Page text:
Deep cuts to health care, education and other services would have not been necessary if Klein had been a better steward of Alberta's petroleum resources
EDMONTON - Premier Ralph Klein owes Albertans an explanation about why his government has failed to collect appropriate levels of royalties from the province's booming oil and gas sector, says the president of Alberta's largest labour organization.
Audrey Cormack, president of the Alberta Federation of Labour, says the province could be collecting billions of dollars more each year in royalties, taxes and other fees - money that could be used to improve health care, education and other cash-strapped public services.
"Premier Klein likes to portray himself as a smooth operator and a tough bargainer," says Cormack. "But it looks like he's been a real push-over when it comes to negotiating royalty rates with big oil and gas companies. His government has been giving away our collectively-owned petroleum resources at bargain basement prices."
Cormack's comments were made in response to a study released yesterday by the Parkland Institute, a public policy think-tank at the University of Alberta. The study shows that the Klein government collects royalties at a much lower rate than other resource-rich jurisdictions and at a lower rate than previous Alberta governments.
"What this study shows is that deep budget cuts weren't the only option open to the government in the mid 90s," says Cormack. "It's clear now that the government's so-called debt problem could also have been solved with a more aggressive approach to the collection of resource revenues. If Albertans had known they were getting such a small return from their resources - especially when compared to the returns enjoyed by citizens living in other resource-rich jurisdictions - they probably would have been even more opposed to deep cuts to important public services like health care and education."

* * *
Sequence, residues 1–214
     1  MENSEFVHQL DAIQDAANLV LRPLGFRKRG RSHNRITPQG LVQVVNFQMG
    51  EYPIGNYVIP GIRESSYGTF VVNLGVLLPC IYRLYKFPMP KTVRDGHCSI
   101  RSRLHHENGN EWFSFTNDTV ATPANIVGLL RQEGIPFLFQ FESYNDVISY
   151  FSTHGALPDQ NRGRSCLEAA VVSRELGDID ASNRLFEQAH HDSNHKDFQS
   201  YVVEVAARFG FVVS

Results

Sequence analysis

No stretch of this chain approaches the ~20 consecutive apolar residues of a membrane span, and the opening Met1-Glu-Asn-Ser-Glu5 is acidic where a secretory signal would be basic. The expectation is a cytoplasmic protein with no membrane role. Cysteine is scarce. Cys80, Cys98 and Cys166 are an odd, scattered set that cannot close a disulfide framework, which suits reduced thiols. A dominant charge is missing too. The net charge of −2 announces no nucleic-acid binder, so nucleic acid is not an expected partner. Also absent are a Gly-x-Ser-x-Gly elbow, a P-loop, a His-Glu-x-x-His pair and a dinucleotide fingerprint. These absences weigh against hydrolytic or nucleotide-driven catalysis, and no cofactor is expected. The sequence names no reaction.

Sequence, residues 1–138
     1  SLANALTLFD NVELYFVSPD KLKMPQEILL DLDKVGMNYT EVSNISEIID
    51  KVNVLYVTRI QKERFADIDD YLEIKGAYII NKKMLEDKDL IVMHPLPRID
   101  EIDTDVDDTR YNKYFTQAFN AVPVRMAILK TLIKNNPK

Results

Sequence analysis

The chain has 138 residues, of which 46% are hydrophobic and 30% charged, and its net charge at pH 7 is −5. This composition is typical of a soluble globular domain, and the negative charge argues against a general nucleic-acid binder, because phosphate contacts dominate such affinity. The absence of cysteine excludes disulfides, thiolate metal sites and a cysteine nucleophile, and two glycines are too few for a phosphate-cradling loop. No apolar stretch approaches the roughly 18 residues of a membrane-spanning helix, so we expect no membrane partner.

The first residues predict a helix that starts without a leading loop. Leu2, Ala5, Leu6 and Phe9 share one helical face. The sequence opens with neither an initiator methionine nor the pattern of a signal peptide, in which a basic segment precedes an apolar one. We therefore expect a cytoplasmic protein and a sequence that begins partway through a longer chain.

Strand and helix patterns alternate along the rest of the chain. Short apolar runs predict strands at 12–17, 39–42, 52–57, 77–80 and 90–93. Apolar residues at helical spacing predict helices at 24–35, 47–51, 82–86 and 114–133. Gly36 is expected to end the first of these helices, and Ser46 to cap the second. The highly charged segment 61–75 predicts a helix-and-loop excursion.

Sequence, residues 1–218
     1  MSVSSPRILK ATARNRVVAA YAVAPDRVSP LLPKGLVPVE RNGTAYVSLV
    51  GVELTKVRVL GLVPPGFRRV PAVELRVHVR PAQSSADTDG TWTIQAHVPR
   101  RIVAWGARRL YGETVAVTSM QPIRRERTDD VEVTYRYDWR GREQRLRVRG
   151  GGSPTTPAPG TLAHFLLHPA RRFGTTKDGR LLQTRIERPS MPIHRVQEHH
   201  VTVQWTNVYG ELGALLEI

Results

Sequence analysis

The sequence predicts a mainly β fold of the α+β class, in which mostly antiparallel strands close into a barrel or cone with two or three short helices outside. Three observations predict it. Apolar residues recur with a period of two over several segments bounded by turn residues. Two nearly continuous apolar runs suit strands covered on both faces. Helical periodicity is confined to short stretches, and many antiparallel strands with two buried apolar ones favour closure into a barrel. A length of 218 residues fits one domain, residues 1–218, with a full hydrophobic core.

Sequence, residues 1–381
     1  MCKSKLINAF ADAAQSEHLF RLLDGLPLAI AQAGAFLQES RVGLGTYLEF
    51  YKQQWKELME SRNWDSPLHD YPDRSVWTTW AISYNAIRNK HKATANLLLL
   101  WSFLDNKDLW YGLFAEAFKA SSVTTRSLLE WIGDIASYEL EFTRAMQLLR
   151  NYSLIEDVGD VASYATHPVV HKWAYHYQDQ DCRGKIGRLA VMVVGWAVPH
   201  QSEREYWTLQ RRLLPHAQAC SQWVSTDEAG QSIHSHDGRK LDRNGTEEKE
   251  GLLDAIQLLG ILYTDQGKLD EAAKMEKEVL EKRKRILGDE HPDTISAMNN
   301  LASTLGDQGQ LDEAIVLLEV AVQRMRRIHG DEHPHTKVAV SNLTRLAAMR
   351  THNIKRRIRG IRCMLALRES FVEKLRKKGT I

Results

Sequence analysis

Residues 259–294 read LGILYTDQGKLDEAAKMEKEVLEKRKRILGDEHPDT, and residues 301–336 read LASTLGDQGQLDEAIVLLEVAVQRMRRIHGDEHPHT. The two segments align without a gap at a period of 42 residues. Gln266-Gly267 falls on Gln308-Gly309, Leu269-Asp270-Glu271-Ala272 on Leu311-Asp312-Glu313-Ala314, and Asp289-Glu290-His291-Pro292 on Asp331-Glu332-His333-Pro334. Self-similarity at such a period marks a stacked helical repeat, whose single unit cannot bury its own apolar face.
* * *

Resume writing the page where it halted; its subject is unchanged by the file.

Cormack rejects the government's argument that low royalty rates are necessary to encourage new investment, especially in the oilsands. She points out that the government's royalty holidays are available to all tar sands projects, not just the new ones. She also dismisses the argument that lower royalties are justified by the higher costs of oilsands production. The Parkland study shows that - thanks to new technologies - the production costs are now lower in the oilsands than in conventional oil. The study also show that places like Norway and Alaska - where most of the oil is offshore - also faced higher production costs. Despite these higher costs, these jurisdictions still manage to collect significantly higher royalties than Alberta.
"It sounds like Klein and his ministers have been duped by the energy industry - they've bought the sales pitch hook line and sinker," says Cormack. "The truth is that the same companies that are involved in major oilsands projects here in Alberta - companies like Shell and Exxon - are also investing billions in Alaska and Norway. The governments in those jurisdictions have been much more aggressive in getting a bigger share of the pie for the public - but this has not driven away investment."
Cormack says the bottom line is that the Klein government has failed in its role as steward of Alberta's natural resources.
"The government is letting Albertans down," she says. "The Premier says Albertans will get their 'pound of flesh' when the new oilsands projects have been finished and paid for - maybe fifteen years from now. But it the meantime billions and billions of barrels of oil will be pumped out of the ground with very little return for the public. And once that oil is gone, it's gone for good. That means money that could have been used for health care, education and other services is also gone for good."
For more information call:
Audrey M. Cormack, President @ 499-6530(cell)/483-3021(wk)/428-9367(hm)